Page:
[3] Eventually, 11 months later, the order was made and shortly afterwards the husband paid £21,000 to the wife. In circumstances which will be set out in a little more detail, thereafter on the 6 August 2013 the husband issued an application to set aside DDJ Cornwall's financial remedy order for want of jurisdiction. On 7 November 2013 DDJ Crowther heard and allowed that application and set aside DDJ Cornwell's order. The application to set aside was allowed on the basis that DDJ Cornwell had, by giving judgment prior to the granting of decree nisi made an order in breach of s23 Matrimonial Causes Act 1973 which prohibits the making of an order in financial remedy proceedings prior to decree nisi. DDJ Crowther granted permission to appeal her decision.

[4] It is accepted by both parties that if the appeal is allowed the wife will retain her £21,000; if refused, it is further agreed that she will issue fresh financial remedy proceedings and the likely outcome is that there would be an equal division of the assets, if any are left after payment of costs, which seems unlikely.

[5] Before embarking on a consideration of the jurisdictional issue, the court asked the parties to pause and consider whether there was any point from either side's perspective in continuing with the litigation. The answer was given by Counsel that we are where we are and that by this stage the costs consequences resulting from the litigation render the case quite impossible to settle. The wife's costs are now over £16,000.

[6] It is against this deeply depressing background that I turn to consider how this couple, with total assets of only £42,000 found themselves in the High Court struggling, with the aid of interpreters, to understand the nuances of a legal argument the outcome of which would benefit neither of them.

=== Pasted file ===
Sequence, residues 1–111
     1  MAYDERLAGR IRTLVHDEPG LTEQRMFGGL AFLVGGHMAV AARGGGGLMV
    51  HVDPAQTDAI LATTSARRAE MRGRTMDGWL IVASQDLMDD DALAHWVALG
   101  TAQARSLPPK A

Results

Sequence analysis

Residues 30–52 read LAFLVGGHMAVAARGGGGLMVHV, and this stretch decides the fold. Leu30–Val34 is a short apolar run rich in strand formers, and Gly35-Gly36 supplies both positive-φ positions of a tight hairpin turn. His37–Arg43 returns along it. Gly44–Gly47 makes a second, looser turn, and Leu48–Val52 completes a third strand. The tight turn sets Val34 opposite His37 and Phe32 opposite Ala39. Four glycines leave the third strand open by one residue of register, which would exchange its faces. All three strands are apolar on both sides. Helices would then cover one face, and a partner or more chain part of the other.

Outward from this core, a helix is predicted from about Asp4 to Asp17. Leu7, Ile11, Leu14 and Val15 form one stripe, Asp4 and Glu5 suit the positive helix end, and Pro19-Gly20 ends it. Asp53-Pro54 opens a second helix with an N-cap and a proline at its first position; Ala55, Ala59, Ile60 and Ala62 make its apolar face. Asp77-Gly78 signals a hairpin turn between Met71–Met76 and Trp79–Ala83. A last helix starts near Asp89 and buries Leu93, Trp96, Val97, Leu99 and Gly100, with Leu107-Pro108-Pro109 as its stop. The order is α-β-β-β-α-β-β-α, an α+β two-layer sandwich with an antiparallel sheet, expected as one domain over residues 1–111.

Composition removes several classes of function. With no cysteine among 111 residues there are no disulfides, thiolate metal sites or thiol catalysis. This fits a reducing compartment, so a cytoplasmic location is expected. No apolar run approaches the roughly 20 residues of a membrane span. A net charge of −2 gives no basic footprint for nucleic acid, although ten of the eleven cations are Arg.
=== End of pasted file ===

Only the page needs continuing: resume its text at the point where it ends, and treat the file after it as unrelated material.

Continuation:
Procedural history

[7] On 3 June 2010 the wife issued a divorce petition. The parties had been married in India and had no copy of the marriage certificate. The wife's solicitors accordingly undertook to the court to provide either the marriage certificate or appropriate evidence of marriage. It was this evidential difficulty that caused the subsequent delay in obtaining the decree nisi which in turn was responsible for the difficulties now faced.

[8] On 14 June 2010, pursuant to s37 of the Matrimonial Causes Act 1973, an injunction was obtained by the wife freezing the sum of £42,000. This money was the sum that the husband had been awarded following TOLATA proceedings against his son in relation to the former matrimonial home. When the final hearing of the ancillary relief came on in front of DDJ Cornwall on 15 August 2011 the decree nisi had still not been obtained.

[9] I have available a note of judgment prepared by counsel for the wife at that hearing. The husband was unrepresented. The learned Deputy District Judge noted the length of the marriage, the poor health of the parties and the absence of pensions; he found that the only assets were the proceeds of the litigation already mentioned, together with several plots of land in India worth little or nothing. DDJ Cornwall unhesitatingly concluded that there should be an equal division of the assets and went on I will assume that the husband has made an application for ancillary relief and dismiss them both save for the payment of the lump sum.

[10] In relation to costs the judge ordered the husband to pay the costs of the proceedings on a publicly funded basis to be assessed if not agreed. The judge concluded by saying the wife needs to obtain the decree nisi.

[11] At the conclusion of that hearing an order was made in the following terms:

Upon hearing counsel for the Petitioner the respondent in person

And upon DDJ Cornwell having delivered an extemporary judgment as to the appropriate terms of the resolution of financial applications